A developer’s rendering of a possible future use of the Fuchs property, a vibrant contemporary waterfront restaurant and retail community. The ORA vision.
Guest column by ORA President, John Phillips
Summerfest 2021 is over, and memories were made as families, friends and foreigners gathered and mixed as a community. If that was the intent, Summerfest 2021 was a roaring success. Hats off to Emlenton and all who worked so hard to give the Valley a great weekend.
The Oil Region Alliance was proud to participate in the event with the “festival within a festival,” FuchsFest, during Friday’s celebration. FuchsFest’s focus was art, with local and regional artists brightening the façade of the tired, dreary industrial building most recently housing Fuchs Lubricants Co., now owned and under development by the Oil Region Alliance.
One artwork of particular interest was a developer’s rendering of a possible future use of the property, a vibrant contemporary waterfront restaurant and retail community doubling as what would undoubtedly be a gem among thousands of American trailheads. This concept won’t become reality overnight, but the artist’s rendering presents the Alliance’s vision for the site. (See photo above.) Emlenton and its Blueprint Community Partners have the potential to become a substantial tourism destination and the Alliance is committed to being part of it.
Emlenton has a rich, oil-based history that is an integral part of the Oil Region National Heritage Area. No one appreciates that past more than the Oil Region Alliance, the managers of the ORNHA on behalf of the National Park Service. Sadly, the prosperity of those days is over. Emlenton has become a nice little town along the river. The Oil Region Alliance understands the economics of being a nice little town on the river. It feels good when it works but it does not work in the long run. To become something different means change. It means looking at the world in new ways. It means accepting, even embracing different ways of doing things while respecting a sense of place so that prosperity, not just survival, is the future.
That is what FuchsFest brought to Summerfest 2021. Something new showed up in Emlenton—street art, long recognized and celebrated in cities around the globe, painted by world renowned artists. Yes, it’s edgy, somewhat mysterious, and maybe a little unnerving to some. But that’s art. It’s somewhat new to rural Pennsylvania and we were fortunate to have one of the Pittsburgh area’s better street artists create on our building. It’s not everyone’s cup of tea. Art never is. But it has started a conversation. Some like it, some don’t, but the subject of street art is being discussed and opening eyes to an art form with which they were not previously familiar. That’s what will happen as change comes to the valley. There will be many conversations.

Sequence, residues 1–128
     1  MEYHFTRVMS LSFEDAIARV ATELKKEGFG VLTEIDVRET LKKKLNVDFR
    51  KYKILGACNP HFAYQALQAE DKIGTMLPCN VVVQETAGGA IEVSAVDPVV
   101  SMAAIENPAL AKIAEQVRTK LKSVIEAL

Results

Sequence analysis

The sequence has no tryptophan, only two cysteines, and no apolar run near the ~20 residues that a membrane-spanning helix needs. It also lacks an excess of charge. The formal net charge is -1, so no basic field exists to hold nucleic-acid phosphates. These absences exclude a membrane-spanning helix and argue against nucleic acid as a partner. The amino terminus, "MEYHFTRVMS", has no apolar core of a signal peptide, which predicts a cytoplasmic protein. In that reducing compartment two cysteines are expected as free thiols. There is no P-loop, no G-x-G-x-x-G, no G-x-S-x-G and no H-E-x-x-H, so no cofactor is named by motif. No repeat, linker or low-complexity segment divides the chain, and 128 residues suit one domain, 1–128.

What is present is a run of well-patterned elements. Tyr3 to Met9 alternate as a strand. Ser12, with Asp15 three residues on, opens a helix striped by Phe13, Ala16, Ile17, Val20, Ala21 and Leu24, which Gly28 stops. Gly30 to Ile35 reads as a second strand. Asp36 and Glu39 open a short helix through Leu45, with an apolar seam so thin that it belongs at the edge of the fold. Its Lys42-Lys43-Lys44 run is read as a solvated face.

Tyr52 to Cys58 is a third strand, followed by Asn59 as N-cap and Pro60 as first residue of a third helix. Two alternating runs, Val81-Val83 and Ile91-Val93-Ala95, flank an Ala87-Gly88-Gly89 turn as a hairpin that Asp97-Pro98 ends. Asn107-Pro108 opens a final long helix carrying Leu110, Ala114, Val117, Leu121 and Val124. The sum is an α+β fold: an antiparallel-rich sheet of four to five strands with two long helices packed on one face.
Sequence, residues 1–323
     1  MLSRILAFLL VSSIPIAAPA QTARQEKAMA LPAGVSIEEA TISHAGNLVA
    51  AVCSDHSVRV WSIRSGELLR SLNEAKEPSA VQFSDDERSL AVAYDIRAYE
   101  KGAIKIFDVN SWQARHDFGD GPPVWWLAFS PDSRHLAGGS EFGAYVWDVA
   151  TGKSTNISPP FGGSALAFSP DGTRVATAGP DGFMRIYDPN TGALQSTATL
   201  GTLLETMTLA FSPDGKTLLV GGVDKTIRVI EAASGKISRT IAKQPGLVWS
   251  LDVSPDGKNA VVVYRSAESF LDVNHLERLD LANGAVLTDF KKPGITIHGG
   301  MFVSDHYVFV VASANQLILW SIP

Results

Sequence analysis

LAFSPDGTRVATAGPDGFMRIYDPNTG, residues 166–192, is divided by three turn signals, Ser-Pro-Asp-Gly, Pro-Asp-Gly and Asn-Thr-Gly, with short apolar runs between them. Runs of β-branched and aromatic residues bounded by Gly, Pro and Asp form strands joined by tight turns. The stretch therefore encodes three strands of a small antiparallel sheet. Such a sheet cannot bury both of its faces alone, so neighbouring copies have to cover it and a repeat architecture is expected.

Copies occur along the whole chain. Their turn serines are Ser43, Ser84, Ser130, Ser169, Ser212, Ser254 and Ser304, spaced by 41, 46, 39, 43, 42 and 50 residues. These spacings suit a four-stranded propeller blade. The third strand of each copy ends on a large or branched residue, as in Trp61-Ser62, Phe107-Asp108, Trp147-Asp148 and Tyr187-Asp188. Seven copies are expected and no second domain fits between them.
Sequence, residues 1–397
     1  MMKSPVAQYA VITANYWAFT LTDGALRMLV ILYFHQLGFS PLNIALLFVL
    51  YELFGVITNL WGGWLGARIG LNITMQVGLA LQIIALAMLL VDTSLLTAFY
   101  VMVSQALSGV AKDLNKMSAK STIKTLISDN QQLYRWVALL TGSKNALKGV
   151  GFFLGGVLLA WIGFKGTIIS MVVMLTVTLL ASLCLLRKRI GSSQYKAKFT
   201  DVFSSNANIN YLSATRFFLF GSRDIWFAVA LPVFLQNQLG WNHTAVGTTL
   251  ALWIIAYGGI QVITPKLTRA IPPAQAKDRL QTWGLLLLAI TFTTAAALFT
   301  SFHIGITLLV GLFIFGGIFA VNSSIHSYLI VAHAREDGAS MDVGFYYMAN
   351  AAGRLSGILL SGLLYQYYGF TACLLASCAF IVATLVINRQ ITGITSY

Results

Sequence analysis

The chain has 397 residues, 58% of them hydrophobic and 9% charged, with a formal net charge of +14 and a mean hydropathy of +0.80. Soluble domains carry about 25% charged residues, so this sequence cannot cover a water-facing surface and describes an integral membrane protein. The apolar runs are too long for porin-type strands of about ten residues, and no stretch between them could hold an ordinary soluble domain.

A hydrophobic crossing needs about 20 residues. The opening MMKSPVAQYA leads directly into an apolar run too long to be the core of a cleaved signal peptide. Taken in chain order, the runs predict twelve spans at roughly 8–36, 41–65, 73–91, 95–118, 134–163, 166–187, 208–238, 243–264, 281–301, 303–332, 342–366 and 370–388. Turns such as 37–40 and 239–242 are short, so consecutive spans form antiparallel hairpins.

We are happy to bring street art to Emlenton and have it displayed on our building. We have heard from many of you who find it refreshing and interesting. We agree with you. Let’s look forward to other new things as well. We have heard from others who do not care for it. That’s okay. We are not offended. And the street art is temporary, as street art often is. It will go away as the building is renovated or removed. We are not pushing street art as a dominant art form in Emlenton. But we do hope you continue the conversations with an open mind, as we are sure you hope those with opinions different than yours will do.
Summerfest was a big event. We bet that not everyone agreed with all the plans all the time. In spite of that, the group worked together, worked through differences, and created something to remember. We think that Emlenton and its neighboring Blueprint Communities can do the same—work together, work through differences and create a new, vibrant, prosperous chapter in the history of the Valley.